Updated: Jan 12, 2021
It was cold, not like the uncomfortable but tolerable kind of cold. It was the kind of cold that freezes your lungs, makes you consider bending to the will of hypothermia, questioning why you're outside in -31C weather with a parka laid over another 5 articles of clothing totalling more than you spent on your first car. But that's not all, you also get to experience the gentle but painfully breeze as the wind blows the ice crystals in the air to pierce your skin like needles and burn your cheeks.
And then you hear it. A sweet calf mewing behind you.
This is the story of "In Motion". A panoramic marking the end of the most incredible experience of my life.
It was late November when a close friend and I were chasing whitetails, hoping to stock the freezer (without freezing to death ourselves). It had been a brutally cold weekend, temperatures often dipping below -30C overnight and into the mornings. The weekend had been fairly quiet, some animals moving but nothing like we hoped.
Over some Saturday night sour cream pie, the neighbour tipped us off to an area he'd seen a buck regularly in the mornings. We decided to give it a try not holding out much hope as the temperatures continued to drop.
I woke up with a severe headache, the result of a poplar smoke allergy which is a challenging thing to manage in a cabin warmed by a wood stove fueled by the local white poplars. But being sick has only prevented me from going out a few times, and with my friend relying on me to show her the area, I toughed it out and got up.
It had snowed about 10 inches overnight on top of at least a foot of snow. The Jeep was naturally camouflaged by the fresh stuff so we got it as close as we could to the area we were looking at. It was a tough walk, to say the least. Between the deep snow and the wind blowing in our faces, it was exhausting., but we also had to remember not to sweat - there's nothing more dangerous than this in cold weather.
We finally found a good vantage point and started our wait.
We could hear something moving in the trees, but it never appeared to us. And as the sun rose behind us, we were losing hope and all of our patience.
Then, just as we considered packing it in, we were the sweetest sound; an elk calf mew, almost like a kitten, right behind us.
We slowly turned to see a young calf, looking behind for its mother. Then another, then a heard of cows and calves, then... bugles.
Little did we know, elk had been moving around us for the better part of our morning out there. This was only evident once we saw the tracks over our own, crisscrossing across the pasture. We got up the hill a bit and were treated to the most stunning scenes we have ever seen. Elk herds moved around us, young and old, bulls bugled and cows moaned. There was rarely silence, however, their hooves made no sound, looking like a muted movie scene as they raced through the new snow.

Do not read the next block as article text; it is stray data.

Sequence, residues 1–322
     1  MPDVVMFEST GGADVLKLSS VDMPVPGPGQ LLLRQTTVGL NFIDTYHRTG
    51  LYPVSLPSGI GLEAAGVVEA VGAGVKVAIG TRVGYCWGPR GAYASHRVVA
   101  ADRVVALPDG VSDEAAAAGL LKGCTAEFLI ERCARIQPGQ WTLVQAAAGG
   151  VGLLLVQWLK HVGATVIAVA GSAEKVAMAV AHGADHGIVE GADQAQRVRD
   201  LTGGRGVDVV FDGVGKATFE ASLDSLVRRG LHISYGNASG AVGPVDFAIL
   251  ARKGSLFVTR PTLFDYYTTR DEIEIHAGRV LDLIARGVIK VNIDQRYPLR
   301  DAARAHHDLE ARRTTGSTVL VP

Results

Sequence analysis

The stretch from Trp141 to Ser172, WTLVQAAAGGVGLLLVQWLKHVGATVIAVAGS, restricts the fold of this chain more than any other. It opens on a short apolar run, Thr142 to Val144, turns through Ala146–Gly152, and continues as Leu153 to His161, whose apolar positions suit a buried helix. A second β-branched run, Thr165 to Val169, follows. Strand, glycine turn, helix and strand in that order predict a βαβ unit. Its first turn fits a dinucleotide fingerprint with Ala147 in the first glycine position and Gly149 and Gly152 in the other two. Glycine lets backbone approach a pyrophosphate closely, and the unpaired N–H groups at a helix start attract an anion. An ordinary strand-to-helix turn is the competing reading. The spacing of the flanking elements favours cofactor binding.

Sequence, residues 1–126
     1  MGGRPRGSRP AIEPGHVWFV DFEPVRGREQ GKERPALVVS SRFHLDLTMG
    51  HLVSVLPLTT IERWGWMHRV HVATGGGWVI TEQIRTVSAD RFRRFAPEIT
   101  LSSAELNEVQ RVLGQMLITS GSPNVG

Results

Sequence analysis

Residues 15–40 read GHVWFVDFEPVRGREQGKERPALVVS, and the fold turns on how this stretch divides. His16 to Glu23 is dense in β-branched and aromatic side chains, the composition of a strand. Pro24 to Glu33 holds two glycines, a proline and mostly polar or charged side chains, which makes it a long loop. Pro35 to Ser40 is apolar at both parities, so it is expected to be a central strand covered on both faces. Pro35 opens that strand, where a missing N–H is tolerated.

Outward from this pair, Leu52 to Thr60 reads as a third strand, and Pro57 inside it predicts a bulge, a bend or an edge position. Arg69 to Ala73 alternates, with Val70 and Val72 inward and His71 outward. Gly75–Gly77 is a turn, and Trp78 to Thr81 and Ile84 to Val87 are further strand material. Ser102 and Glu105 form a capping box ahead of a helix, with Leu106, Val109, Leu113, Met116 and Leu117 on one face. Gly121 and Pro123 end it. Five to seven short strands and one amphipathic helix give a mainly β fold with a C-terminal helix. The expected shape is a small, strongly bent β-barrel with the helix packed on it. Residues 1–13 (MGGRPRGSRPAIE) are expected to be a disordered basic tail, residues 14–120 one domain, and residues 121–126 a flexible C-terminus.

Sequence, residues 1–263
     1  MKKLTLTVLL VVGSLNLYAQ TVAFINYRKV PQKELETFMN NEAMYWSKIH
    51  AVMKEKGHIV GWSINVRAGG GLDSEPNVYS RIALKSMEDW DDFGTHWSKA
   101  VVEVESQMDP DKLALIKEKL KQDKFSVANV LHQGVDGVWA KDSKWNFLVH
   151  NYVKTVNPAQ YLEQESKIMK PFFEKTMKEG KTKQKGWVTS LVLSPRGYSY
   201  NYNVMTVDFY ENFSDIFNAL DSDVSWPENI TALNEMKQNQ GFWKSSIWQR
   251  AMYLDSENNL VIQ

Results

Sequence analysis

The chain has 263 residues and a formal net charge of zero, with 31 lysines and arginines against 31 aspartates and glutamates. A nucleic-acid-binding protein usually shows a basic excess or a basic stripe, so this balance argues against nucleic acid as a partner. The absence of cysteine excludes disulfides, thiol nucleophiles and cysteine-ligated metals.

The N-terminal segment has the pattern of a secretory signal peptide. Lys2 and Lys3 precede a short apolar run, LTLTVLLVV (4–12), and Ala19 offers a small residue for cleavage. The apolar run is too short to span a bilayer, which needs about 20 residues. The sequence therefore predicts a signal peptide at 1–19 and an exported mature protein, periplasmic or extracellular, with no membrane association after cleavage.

Their breath puffed up like smoke around them, they swirled the ice crystals in the air that now looked like glitter rather than needles. And we watched for what we estimated to be about an hour. Suddenly we weren't cold, and I forgot for a moment that my head was pounding now that my heart was racing.
I must have repeated "this is incredible" a hundred times. It truly was. The cold made it so much beautiful than it ever could have been on a tolerable day and it stands as a reminder of the trials and tribulations we must suffer through to experience true beauty.
This is why we suffer. So that we can experience some of the most spectacular moments of our lives. To be more intimate with the wild than we ever imagined.
An Important Note
As a wildlife photographer and a hunter, I have been privileged to experience nature in a way I never could have dreamed, and I wouldn't be the former without the latter.
Hunting is so much more than the pursuit of a trophy or of sustenance and it takes time to understand the opportunities for growth that can happen when your goal is to become something you weren't born to be. To be silent, to attempt to blend with nature instead of just observing it.
I have heard the wolves, felt the energy of the rut, smelled the rutting moose, and watched the last breaths of a deer turn to mist and disappear. It's emotional at all times and painful in some. But I could never let it go from my life. After all, there's no way I would have experienced this day without it (nor would we get sour cream pie).
“A downed animal is most certainly the object of a hunting trip, but it becomes an anticlimax when compared to the many other pleasures of the hunt.” - Fred Bear
Until next time,